Tasmania worms, flies and lice update - November 2018

Tasmania WormBoss Worm Control Programs

Tasmania WormBoss Drench Decision Guides

Sheep

Goats

Sheep

Goats


Perth: Paul Nilon, Nilon Farm Health (pandonilon@bigpond.com)

Our season is hanging on in many areas, although while attacking the lawns t’other day, I was surprised to see large cracks in the soil hidden by the green mat. Rain is forecast for the next few days (20–24 November).

Marking is just about complete, and the earlier lambers are weaning (or should be). Be prepared to wean as soon as possible unless there is substantial rain in the next week to rejuvenate the spring. Now, the weaning drench is the first summer drench for those with a strategic programme. If cross-bred ewes are being sent to Jenny Craig paddocks, it is unlikely they will need a drench. Those remaining on perennial pastures should be drenched along with the lambs. The weaning/first summer drench is the most important of the year, so make sure you use a drench that works: use your DrenchTest information or one of the new products (Startect® (abamectin and derquantel) or Zolvix Plus (abamectin plus Monepantel)—but watch the export slaughter interval (ESI) of 84 days with the latter).

Mainland lambs are arriving in large numbers. On the whole we expect drench resistance to be worse than it is here. Use a potent quarantine drench with at least 4 actives, including one or both of the newer actives: monepantel or derquantel. Also beware of the potential for importing lice and footrot (see comments below on lice biosecurity).

Pasture Grubs: Attached is a picture of grub predation on a ryegrass pasture. It’s drawing a long bow to write about them in a sheep worm missive, but as my mainland colleagues are ignorant of these things it may be instructional. The culprits were black-headed cockchafers, which are treatable, unlike their red-headed cousins.


Figure 1: Ryegrass pasture with areas of grub predation. Source: Paul Nilon.
Figure 1: Ryegrass pasture with areas of grub predation. Source: Paul Nilon.

Lice Biosecurity: The high wool prices (and perhaps a return to Merino sheep) rejuvenates concerns about preventing lice. Losses due to lice infestation are found in this article, and you can do the sums on what current losses may be. Remember that fine and superfine clips will be absolutely crucified by even modest lice infestations.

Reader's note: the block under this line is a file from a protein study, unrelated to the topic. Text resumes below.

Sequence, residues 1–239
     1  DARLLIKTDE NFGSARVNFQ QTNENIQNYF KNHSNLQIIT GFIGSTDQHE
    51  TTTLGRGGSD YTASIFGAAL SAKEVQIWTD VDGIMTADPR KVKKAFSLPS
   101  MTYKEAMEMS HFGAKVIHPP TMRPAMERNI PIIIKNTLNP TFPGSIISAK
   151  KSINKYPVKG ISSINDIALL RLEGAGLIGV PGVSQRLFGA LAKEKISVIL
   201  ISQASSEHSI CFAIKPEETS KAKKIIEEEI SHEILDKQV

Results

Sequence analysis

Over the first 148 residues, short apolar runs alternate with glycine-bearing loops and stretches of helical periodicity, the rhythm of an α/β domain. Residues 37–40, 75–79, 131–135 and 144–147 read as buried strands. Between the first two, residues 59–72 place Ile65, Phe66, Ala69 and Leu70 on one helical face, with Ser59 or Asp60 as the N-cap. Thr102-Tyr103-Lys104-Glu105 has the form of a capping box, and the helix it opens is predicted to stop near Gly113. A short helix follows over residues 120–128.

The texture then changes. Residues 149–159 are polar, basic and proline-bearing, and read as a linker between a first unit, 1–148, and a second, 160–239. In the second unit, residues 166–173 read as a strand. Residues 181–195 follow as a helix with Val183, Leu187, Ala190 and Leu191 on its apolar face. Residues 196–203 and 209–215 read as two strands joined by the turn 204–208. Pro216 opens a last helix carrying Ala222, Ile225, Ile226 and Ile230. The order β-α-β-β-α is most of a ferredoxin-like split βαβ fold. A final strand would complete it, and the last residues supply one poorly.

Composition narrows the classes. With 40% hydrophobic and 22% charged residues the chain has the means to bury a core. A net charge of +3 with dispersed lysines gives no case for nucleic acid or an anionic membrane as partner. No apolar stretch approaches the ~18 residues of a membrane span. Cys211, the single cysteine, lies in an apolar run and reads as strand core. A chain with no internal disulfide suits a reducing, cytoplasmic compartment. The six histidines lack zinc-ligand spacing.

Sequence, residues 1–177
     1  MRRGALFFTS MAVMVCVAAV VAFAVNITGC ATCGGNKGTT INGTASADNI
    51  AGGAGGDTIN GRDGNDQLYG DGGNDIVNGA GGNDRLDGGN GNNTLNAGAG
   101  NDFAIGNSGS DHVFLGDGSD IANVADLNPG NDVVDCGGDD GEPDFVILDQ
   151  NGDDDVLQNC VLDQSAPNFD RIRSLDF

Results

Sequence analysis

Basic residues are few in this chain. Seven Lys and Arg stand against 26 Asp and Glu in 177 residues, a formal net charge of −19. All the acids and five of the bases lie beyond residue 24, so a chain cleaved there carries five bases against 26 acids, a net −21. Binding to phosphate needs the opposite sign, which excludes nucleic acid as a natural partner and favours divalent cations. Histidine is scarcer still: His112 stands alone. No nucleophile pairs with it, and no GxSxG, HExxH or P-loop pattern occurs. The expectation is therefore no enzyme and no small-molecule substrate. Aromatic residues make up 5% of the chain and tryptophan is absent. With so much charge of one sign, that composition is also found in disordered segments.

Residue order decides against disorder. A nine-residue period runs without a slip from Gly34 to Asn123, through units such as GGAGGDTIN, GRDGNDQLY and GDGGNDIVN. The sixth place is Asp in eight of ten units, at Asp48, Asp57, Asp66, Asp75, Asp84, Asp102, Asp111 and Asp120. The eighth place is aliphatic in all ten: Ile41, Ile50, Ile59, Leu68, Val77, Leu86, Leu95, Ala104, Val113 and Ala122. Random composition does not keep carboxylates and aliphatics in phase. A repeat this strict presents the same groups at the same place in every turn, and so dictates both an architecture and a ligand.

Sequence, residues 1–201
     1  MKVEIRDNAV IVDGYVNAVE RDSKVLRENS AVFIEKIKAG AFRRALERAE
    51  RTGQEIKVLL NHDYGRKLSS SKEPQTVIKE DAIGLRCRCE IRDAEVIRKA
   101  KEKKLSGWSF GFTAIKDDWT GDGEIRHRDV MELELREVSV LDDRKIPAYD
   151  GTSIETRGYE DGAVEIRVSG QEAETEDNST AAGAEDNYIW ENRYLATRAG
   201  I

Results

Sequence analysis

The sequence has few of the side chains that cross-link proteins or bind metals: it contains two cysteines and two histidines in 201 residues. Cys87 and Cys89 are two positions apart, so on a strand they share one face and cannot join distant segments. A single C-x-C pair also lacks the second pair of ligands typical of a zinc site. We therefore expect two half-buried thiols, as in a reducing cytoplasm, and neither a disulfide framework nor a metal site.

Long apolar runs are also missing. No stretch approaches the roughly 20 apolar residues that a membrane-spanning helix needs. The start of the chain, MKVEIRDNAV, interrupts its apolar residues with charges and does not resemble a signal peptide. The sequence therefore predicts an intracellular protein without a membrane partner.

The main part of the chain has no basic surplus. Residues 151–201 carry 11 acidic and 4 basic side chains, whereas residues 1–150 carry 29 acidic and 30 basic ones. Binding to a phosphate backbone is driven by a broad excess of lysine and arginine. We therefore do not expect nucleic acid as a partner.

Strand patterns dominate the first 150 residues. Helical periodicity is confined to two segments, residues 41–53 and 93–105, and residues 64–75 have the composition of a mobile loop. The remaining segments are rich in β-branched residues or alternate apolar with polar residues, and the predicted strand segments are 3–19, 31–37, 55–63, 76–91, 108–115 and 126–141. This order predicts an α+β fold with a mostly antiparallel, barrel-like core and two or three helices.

Cynical Paul sometimes contends that biosecurity plans have little day-to-day utility. This is not the case with lice biosecurity: if you understand and act diligently on the risks (whether you have a written plan or not) you may well save yourself a packet. Jenny Cotter has written a great article on this, but it’s important to highlight a few actions you can take to have a workable approach to lice prevention:

  • Boundary security: It’s glib to say keep your place secure. The large Midlands properties with extensive bush runs have little chance of keeping trees off the fence-line. Do what you can, but as importantly, quarantine mobs exposed to foreign sheep and do an inspection 3 months after any known incursions. Talk to your neighbours and ask what their status is. Use the LiceBoss tools to help decide the advisability of treatment.
  • Sheep purchases: Ask for a sheep health statement and use it as a risk gauge. The story books tell us that you should quarantine for 3 months or more. This is difficult, but do what you can and inspect the sheep before exposing others to them. If there is any doubt about the status of new rams, shear and treat them. Lamb traders have special needs. It must be presumed that they will introduce lice with some regularity. Shearing may be on the cards, but efficient finishers will not be happy to extend finishing times with lice treatment withholds. Moreover, you have an obligation to protect your neighbour’s flocks. Keep imported prime lambs away from your breeding flock (including replacements that may also be grazing high growth rate pastures), and preferably away from boundary fences.
  • Active surveillance: Take the time to inspect all mobs twice a year, and also 3 months after any challenges. Inspect sheep with rub and pulled wool. The experts differ a bit in numbers to inspect, but I suggest 20 sheep with 15–20 partings per sheep.
  • Risk management: Be risk averse, particularly if you run Merinos. When all is said and done, the other causes of rub are rare in Tasmania. The Greens may well go in to bat for itchmite since ivermectin made them an endangered species. Grass seed worry is less of an issue here than the mainland, and dermo not all that prevalent. So, if you see rub and cannot find lice, either keep looking or look at your treatment options.